Mars and the Lagoon Nebula

Click on graphic to see it full size.

Click on graphic to see it full size.

   From my northern mid-latitude backyard this time of the year the Milky Way arcs nearly overhead stretching from north to south. Above my southern horizon is not only a view toward the center of the galaxy, it is also a view toward one of the most scenic parts of the Milky Way. In the sky just above the handle of the teapot-shaped asterism for Sagittarius are several ‘deep sky’ objects visible to the unaided eye and binoculars.
   Over the next several days the planet Mars will be moving through this area and passing within 1-2o from the Lagoon Nebula. The waxing Moon will also be passing through this area as well.
   In the slideshow below watch a small red dot, Mars, to be moving from west to east (right to left) as each day passes.

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Caution: Objects viewed with an optical aid are further than they appear.
   Click here to go to the Qué tal in the Current Skies web site for more observing information for this month.

On the 4th Night

              Happy   4th of   July!!                     

jul4-aphelion   Friday 4 July is not only the day we in the United States of America celebrate our country’s Independence Day, it is also the day that the Earth reaches aphelion, its greatest distance from the Sun. For the record we are closest to the Sun, perihelion, around the beginning of January.
   So despite the summer heat, humidity, and a late sunset there will be more in the skies this 4th than just fireworks.
 At around sunset look low toward the western horizon for 3 stars arranged in a short diagonal line. No it is not Orion’s Belt. The one on the lower left side is the planet Jupiter near the Gemini Twin stars.

Click on graphic to see it full size.

Click on graphic to see it full size.

 The nearly first quarter Moon is over the southwestern horizon and is just to the west (right) from the planet Mars and the bluish-white star Spica.
 Both Mars and Spica are close enough so that they fit within the field of view of 7×50 binoculars.
 Look left from this pair and higher above the southern horizon for the planet Saturn, one of 4 planets in our solar system with rings.

Click on graphic to see it full size.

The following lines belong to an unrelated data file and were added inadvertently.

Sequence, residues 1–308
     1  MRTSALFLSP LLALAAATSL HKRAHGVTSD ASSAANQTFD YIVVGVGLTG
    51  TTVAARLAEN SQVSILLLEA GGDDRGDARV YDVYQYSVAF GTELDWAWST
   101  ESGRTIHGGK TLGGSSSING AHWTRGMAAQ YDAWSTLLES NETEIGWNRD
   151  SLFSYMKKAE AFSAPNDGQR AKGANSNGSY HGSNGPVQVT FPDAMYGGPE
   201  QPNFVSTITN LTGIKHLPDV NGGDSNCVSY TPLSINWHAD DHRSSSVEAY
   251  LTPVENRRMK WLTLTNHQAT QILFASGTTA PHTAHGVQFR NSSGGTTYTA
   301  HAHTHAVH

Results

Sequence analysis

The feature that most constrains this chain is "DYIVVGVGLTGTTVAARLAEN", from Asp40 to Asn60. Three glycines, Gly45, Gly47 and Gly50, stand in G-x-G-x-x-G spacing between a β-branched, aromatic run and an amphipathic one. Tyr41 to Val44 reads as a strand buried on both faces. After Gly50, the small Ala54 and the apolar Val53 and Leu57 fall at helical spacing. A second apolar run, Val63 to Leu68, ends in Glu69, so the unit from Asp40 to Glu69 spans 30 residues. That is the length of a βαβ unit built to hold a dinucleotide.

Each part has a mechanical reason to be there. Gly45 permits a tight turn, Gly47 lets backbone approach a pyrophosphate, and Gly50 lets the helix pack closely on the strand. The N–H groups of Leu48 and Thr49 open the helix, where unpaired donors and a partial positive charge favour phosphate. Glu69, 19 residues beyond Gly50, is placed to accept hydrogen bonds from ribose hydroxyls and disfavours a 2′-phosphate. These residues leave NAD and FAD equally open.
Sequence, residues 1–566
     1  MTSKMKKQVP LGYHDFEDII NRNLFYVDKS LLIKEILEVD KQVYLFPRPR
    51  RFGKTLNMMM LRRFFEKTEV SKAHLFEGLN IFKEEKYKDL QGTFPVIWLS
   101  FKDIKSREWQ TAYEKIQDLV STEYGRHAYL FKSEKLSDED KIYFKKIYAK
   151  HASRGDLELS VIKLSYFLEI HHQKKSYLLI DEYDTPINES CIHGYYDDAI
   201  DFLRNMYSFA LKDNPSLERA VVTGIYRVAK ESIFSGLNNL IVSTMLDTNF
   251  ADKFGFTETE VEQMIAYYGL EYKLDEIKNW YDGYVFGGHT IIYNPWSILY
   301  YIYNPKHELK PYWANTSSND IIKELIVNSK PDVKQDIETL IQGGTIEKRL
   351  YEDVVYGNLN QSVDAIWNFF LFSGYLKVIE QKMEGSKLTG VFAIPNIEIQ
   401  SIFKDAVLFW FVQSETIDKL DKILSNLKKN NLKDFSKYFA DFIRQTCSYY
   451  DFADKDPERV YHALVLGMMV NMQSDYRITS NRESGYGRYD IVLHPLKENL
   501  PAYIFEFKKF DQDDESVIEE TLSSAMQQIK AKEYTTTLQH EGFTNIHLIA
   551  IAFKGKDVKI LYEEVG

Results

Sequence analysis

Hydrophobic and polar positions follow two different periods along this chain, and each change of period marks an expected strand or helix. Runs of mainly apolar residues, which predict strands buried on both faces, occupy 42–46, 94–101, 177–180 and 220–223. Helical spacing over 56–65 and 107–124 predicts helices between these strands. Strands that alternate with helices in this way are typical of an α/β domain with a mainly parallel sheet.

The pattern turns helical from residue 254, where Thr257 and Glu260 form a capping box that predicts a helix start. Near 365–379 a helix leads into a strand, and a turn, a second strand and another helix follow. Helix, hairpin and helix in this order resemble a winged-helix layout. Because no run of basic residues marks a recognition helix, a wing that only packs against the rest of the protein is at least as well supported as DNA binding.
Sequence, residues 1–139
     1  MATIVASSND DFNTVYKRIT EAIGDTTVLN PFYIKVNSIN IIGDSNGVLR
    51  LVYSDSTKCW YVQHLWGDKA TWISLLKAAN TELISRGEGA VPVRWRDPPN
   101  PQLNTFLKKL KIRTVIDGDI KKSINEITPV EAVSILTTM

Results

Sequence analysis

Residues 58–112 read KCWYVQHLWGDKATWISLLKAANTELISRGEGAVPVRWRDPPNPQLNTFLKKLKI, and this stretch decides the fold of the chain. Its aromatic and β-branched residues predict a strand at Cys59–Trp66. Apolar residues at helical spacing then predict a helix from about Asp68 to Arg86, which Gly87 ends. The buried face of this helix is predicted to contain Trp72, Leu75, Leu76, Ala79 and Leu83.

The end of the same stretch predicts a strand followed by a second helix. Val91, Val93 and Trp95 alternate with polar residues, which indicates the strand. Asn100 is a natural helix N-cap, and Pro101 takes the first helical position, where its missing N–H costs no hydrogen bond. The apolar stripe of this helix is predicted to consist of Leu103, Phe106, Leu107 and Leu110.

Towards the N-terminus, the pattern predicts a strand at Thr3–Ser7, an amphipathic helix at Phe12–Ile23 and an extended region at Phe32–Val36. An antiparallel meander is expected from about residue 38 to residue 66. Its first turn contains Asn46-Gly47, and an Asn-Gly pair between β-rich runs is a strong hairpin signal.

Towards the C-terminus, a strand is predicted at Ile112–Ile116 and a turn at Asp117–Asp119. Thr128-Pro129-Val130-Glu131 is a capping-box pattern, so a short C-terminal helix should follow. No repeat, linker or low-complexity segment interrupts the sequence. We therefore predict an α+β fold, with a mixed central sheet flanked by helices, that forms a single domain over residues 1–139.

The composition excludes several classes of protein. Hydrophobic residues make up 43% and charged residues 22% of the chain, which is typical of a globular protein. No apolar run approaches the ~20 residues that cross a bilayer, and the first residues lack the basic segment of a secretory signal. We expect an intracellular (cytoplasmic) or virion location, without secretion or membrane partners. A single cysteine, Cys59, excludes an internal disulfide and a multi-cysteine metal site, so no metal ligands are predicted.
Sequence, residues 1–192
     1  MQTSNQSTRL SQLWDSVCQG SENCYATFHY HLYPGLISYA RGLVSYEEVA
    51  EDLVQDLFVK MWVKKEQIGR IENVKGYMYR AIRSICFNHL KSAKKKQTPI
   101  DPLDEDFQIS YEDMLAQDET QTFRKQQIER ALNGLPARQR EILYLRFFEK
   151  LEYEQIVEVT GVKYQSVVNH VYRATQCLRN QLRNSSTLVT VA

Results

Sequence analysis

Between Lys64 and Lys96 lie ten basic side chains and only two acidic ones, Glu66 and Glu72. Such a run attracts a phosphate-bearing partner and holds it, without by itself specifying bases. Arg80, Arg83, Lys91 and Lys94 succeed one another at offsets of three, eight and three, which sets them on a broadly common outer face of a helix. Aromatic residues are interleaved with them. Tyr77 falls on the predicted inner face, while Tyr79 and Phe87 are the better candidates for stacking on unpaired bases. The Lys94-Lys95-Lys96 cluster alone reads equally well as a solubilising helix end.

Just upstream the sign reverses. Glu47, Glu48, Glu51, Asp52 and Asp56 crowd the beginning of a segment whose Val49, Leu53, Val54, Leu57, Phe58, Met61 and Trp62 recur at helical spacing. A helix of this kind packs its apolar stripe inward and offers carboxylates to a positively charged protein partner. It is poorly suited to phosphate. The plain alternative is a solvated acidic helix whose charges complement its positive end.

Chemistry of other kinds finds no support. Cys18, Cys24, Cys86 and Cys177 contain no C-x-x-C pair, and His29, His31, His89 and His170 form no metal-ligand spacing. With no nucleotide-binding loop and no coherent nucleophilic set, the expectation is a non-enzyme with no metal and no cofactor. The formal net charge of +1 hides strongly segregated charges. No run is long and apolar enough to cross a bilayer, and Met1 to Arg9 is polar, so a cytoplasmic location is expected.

Click on graphic to see it full size.

   If your viewing area is under dark enough skies, away from the light-polluted metropolitan area, then look toward the eastern horizon for the glow of the Milky Way as it rises. The teapot shape asterism for Sagittarius is above the southern horizon throughout this month and if the Milky Way is visible it looks like steam rising from the teapot’s spot. This graphic shows the location of Dwarf Planet Pluto. Pluto is also at opposition. Opposition for an outer planet is an arrangement of objects like a full Moon in that at opposition an outer planet is on the opposite side of the Earth from the Sun.
   While it is too dim to see with the unaided eye or even binoculars it is a neat idea to think about what Pluto looks like. I say this (actually write) because around this time next year NASA’s New Horizon spacecraft will be flying past Pluto sending back our first truly good look at this very distant solar system object.

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Caution: Objects viewed with an optical aid are further than they appear.
   Click here to go to the Qué tal in the Current Skies web site for more observing information for this month.

Moon and Antares

Click on image to see full size

Click on image to see full size

   This evening after sunset look southwest for the now past first quarter Moon. The waxing gibbous Moon will be above and somewhat to the left from a reddish star called Antares. This is the heart of the constellation of Scorpius the Scorpion. The Moon and Antares will be just within the field of view when using 7×50 binoculars. To the east from the stinger of the Scorpion is the teapot asterism, the brighter stars making up the constellation of Sagittarius the Archer. Over the next several days the waxing gibbous Moon will pass by the teapot.
Click on image to see full size

Click on image to see full size

   On nights when the Moon light does not brighten the sky and your sky is dark enough the glow of the Milky Way appears like steam rising from the teapot. And if you have never ‘cruised’ the Milky Way with a pair of binoculars, and especially just above the spout of the teapot then you are missing some amazing celestial sites. Click here to see a black/white rendition of the area just above the spout of the teapot within the field of view of 7×50 binoculars.

   
   
   Click here to go to the Qué tal in the Current Skies web site for more observing information.